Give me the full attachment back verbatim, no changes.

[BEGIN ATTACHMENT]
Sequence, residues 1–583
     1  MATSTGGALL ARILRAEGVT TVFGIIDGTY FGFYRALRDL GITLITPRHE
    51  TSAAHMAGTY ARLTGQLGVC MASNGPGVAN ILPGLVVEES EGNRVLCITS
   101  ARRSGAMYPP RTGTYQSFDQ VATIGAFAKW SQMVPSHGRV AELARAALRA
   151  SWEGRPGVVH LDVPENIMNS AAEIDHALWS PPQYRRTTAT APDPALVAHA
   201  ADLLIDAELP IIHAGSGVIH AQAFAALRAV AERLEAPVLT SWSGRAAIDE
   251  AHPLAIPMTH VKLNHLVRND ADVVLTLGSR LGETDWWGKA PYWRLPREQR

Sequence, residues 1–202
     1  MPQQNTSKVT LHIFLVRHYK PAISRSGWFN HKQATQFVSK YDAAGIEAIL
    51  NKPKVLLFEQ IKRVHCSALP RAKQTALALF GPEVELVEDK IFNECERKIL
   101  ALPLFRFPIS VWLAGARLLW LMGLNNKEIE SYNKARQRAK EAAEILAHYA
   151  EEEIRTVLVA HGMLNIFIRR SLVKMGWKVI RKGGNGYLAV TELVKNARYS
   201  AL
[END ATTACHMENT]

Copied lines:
Sequence, residues 1–583
     1  MATSTGGALL ARILRAEGVT TVFGIIDGTY FGFYRALRDL GITLITPRHE
    51  TSAAHMAGTY ARLTGQLGVC MASNGPGVAN ILPGLVVEES EGNRVLCITS
   101  ARRSGAMYPP RTGTYQSFDQ VATIGAFAKW SQMVPSHGRV AELARAALRA
   151  SWEGRPGVVH LDVPENIMNS AAEIDHALWS PPQYRRTTAT APDPALVAHA
   201  ADLLIDAELP IIHAGSGVIH AQAFAALRAV AERLEAPVLT SWSGRAAIDE
   251  AHPLAIPMTH VKLNHLVRND ADVVLTLGSR LGETDWWGKA PYWRLPREQR

Sequence, residues 1–202
     1  MPQQNTSKVT LHIFLVRHYK PAISRSGWFN HKQATQFVSK YDAAGIEAIL
    51  NKPKVLLFEQ IKRVHCSALP RAKQTALALF GPEVELVEDK IFNECERKIL
   101  ALPLFRFPIS VWLAGARLLW LMGLNNKEIE SYNKARQRAK EAAEILAHYA
   151  EEEIRTVLVA HGMLNIFIRR SLVKMGWKVI RKGGNGYLAV TELVKNARYS
   201  AL